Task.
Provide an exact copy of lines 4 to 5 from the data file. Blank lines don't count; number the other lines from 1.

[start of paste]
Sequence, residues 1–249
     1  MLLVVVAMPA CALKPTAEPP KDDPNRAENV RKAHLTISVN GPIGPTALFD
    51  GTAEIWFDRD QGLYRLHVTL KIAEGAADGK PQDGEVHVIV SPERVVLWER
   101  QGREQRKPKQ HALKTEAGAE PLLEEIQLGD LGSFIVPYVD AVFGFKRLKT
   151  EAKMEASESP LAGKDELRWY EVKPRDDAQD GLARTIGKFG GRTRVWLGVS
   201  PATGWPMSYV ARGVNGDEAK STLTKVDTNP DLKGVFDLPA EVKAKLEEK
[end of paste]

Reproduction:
   101  QGREQRKPKQ HALKTEAGAE PLLEEIQLGD LGSFIVPYVD AVFGFKRLKT
   151  EAKMEASESP LAGKDELRWY EVKPRDDAQD GLARTIGKFG GRTRVWLGVS